For the past 13 years Britney Spears has been under conservatorship, a legal framework where her dad has had virtually full control of her life and finances. During some of that time, her father hired a security firm to spy on her, both digitally through her phone, and physically with audio recording devices in her bedroom, according to a new documentary by The New York Times. Wednesday, Jamie Spears was removed as his daughter's conservator.
The documentary features a former employee of Black Box Security, the firm hired by Spears' father Jamie.
According to the former employee, who shared details of how Spears was spied on, the setup was incredibly simple and frighteningly effective.
Jamie and Robin Grennhill, an employee of Tri Star Sports & Entertainment Group, and the former business manager for the singer’s estate, had an iPad and an iPod logged in with Spears' iCloud account. As the Times notes, Britney Spears' iCloud account, and everything she did on it such as FaceTime calls, iMessages, notes, browser history and photos, were all mirrored on these two devices.
To set up such a surveillance system, all they needed was Spears' password for her Apple ID, and consequently her iCloud account. It's unclear, however, how they got their hands on the password, and whether this surveillance was authorized by the court overseeing Spears' conservatorship, according to the Times.
In any case, using iCloud to spy on someone's iPhone is an extremely common way abusers spy on their loved ones. And as opposed to spyware, which often hacks a phone, using iCloud to spy abuses a device's expected functionality, according to Leonie Tanczer, a Lecturer at University College London who has supervised a research project on stalkerware.
"This is yet again an example of the so-called 'UI-bound adversary,'" Tanczer said, referring to an academic paper published in 2018,"meaning that the features people actually like about a device—i.e., the mirroring—is being a shortcoming for those that may not be aware of this functionality or envision that this is happening or could happen to them."
In other words, it's a feature that's both easy to use and abuse, which is part of what makes it so horrifying.
"This iCloud technique is not basic, it's fucking foolproof," Igor Ostrovskiy, a New York based private investigator with Ostro Intelligence, told Motherboard.
While Ostrovskiy doesn't know the details of how Spears' father got her password, he argued that it's possible he had permission as part of the conservatorship. If that's the case, "nobody is going to get arrested for that, nobody's going to do a day in jail for that, even if they got arrested."
Do you work or used to work at Black Box Security? Do you know anything about it? We’d love to hear from you. You can contact Lorenzo Franceschi-Bicchierai securely on Signal at +1 917 257 1382, Wire/Wickr @lorenzofb, or email firstname.lastname@example.org.
The Clinic to End Tech Abuse, an advocacy group that helps survivors of abusive relationship who have been stalked and spied on, has comprehensive guides on detecting when someone is spying on you via iCloud, how to strengthen the security of an iCloud account, and what to do if you think someone has broken into the account and used it to monitor their target.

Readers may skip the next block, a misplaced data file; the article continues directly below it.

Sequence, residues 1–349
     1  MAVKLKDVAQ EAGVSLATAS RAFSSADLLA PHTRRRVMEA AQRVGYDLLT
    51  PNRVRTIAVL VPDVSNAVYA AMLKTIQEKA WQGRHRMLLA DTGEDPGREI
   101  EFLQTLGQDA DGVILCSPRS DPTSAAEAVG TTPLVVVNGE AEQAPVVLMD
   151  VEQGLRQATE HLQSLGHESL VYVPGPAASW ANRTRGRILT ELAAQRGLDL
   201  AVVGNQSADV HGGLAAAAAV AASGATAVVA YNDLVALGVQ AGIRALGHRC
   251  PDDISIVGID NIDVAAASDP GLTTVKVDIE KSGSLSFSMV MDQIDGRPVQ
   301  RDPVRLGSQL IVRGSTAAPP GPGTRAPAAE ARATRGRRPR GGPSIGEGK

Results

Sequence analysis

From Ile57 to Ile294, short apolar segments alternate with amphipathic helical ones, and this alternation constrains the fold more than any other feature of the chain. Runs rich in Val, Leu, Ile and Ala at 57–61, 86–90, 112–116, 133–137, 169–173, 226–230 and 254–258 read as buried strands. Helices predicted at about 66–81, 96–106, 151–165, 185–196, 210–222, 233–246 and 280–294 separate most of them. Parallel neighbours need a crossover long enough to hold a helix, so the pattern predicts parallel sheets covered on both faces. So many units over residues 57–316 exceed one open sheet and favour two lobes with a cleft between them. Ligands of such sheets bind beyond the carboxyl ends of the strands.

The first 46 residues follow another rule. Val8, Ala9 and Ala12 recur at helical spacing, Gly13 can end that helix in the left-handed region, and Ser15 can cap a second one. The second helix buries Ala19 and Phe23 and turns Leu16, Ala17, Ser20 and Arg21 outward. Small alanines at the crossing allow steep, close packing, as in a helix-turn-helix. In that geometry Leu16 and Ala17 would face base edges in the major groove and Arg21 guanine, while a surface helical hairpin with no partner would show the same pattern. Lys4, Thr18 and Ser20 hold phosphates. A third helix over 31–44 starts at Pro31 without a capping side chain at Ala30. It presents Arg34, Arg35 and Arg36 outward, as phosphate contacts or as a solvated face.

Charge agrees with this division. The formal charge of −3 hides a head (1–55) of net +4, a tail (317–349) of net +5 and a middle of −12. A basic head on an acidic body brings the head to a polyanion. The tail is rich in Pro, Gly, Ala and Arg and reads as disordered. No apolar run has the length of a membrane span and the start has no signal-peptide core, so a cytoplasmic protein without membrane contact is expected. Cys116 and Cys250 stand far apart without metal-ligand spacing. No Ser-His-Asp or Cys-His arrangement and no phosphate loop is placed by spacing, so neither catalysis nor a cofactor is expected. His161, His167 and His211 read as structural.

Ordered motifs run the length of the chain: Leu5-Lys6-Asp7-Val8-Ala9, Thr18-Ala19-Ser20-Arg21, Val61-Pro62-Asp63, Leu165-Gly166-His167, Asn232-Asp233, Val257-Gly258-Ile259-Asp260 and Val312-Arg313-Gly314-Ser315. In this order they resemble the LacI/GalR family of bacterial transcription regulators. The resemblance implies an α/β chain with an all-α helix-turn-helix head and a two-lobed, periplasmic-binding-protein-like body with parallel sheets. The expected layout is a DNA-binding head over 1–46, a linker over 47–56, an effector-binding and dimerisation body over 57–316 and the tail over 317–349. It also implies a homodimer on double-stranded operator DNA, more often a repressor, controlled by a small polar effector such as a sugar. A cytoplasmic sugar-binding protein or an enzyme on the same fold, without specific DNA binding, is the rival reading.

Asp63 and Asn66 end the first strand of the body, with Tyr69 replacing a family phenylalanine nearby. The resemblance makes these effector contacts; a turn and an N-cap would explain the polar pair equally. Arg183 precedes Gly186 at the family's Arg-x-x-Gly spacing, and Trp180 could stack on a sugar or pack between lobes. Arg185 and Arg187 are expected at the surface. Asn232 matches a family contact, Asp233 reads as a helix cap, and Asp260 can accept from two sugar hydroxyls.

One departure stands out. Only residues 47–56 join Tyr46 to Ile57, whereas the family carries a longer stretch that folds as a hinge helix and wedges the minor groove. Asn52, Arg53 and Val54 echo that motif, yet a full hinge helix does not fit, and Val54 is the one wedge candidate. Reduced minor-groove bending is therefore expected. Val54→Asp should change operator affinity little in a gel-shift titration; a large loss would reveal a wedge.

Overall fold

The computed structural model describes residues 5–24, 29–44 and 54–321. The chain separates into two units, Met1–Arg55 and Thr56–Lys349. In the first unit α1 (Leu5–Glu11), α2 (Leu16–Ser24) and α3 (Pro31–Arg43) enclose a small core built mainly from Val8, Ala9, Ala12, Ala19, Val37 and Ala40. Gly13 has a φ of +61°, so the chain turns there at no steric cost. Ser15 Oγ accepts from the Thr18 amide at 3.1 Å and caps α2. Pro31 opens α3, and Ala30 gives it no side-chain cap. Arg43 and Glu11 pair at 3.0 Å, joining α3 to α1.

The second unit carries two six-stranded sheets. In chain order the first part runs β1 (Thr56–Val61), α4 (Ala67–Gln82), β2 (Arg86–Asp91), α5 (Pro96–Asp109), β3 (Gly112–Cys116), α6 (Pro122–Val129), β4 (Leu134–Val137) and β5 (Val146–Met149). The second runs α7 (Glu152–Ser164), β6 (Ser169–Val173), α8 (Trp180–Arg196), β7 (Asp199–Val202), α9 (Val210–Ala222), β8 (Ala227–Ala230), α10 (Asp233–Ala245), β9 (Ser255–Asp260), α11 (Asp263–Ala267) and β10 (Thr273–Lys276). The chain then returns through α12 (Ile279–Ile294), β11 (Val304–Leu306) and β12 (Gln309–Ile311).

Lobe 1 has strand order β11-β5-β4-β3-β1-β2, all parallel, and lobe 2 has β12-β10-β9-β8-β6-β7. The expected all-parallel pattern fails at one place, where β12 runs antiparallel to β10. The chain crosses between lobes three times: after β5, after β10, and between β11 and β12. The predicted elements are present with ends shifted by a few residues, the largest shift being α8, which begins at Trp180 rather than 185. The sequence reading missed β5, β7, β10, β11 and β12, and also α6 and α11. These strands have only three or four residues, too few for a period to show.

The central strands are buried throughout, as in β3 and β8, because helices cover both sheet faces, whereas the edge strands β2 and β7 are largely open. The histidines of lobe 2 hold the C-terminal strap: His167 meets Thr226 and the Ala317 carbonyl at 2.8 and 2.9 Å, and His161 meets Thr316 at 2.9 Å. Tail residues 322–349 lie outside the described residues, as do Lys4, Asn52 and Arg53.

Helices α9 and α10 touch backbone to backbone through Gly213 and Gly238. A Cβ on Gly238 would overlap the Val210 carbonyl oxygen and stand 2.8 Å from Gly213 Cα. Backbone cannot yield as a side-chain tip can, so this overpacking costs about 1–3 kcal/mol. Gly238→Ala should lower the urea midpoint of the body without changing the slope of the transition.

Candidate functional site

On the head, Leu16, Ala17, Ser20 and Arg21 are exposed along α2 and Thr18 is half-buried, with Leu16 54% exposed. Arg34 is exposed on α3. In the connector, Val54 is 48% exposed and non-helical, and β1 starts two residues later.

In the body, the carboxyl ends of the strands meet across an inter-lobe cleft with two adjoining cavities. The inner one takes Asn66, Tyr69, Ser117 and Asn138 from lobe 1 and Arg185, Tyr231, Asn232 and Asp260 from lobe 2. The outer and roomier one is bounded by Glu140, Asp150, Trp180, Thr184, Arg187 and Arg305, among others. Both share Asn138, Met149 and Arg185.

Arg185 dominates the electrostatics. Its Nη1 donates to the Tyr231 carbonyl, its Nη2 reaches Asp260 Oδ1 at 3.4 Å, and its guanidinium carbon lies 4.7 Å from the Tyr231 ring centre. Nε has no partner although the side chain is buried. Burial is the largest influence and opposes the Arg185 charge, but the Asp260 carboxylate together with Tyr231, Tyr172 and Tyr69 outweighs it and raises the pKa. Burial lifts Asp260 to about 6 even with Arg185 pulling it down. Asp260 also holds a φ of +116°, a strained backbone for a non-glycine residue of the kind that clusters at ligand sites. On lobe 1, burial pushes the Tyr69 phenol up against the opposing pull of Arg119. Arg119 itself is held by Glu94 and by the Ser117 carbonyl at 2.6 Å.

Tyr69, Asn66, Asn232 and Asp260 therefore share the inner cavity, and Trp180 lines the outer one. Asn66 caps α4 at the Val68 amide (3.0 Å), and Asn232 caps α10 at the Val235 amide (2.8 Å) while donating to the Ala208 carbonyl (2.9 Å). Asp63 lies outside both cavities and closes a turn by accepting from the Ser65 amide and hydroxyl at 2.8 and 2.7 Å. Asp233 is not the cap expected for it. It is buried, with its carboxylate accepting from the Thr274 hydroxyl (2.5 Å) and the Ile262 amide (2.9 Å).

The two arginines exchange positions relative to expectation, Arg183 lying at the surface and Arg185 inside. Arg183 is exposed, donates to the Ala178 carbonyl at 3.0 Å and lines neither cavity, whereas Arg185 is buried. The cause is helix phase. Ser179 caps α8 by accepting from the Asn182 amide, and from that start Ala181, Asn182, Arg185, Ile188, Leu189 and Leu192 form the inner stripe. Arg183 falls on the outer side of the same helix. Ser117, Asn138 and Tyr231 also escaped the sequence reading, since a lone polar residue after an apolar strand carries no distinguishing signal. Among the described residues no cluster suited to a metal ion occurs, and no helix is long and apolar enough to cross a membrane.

In short, if you are worried someone has been monitoring your iPhone or other Apple device with this technique, log into your iCloud account on a computer browser or check your Mac's System Preferences.
In a browser, you will have to navigate to Account Settings, and check what is listed under "My Devices." On a Mac, go to System Preferences, and then click on Apple ID, and see what devices are linked to your account on the left column. If there's anything in there that you don't recognize, it may be a device someone is using to monitor you.
To kick them out, you can remove the device both in the browser and on a Mac's settings. Importantly, this, as CETA notes, can alert your abuser that you found out about their spying.
"Some abusers may become more violent if they get locked out of your account. If this is a concern for you, we strongly recommend that you carry out safety planning with a domestic violence or other support professional before making any changes to your account," CETA writes in its guide.
The role of Black Box Security in this whole story is, as the Times put it, "a mystery." But in essence, the company is a private intelligence company, much like Black Cube, another controversial private surveillance firm that helped convicted rapist Harvey Weinstein track his victims.
Black Box Security was founded by Edan Yemini, who has a background in I.D.F Special Forces, according to the company's official website. The company did not respond to a request for comment sent via the contact form on its website.
In a statement to the Times, his lawyer said that "Mr. Yemini and Black Box have always conducted themselves within professional, ethical and legal bounds, and they are particularly proud of their work in keeping Ms. Spears safe for many years.”
Firms like these, according to Ostrovskiy, are becoming more common.
"Black Box is just another guy who was accepting a paycheck and dismissing certain morals," he said. "I think private intelligence is proliferating at an exponential pace. It's almost as fast as new iPhones are coming out."
"Private intelligence is proliferating at an exponential pace. And there's no guardrails and no tools, and no government oversight of any sort," he said. "Outside of some laws that we have, like wire fraud and mail fraud, there's really not a specific law that's that prevents a private company, especially one that's based overseas, from hacking into a private device for non government purposes for not for national security purposes."
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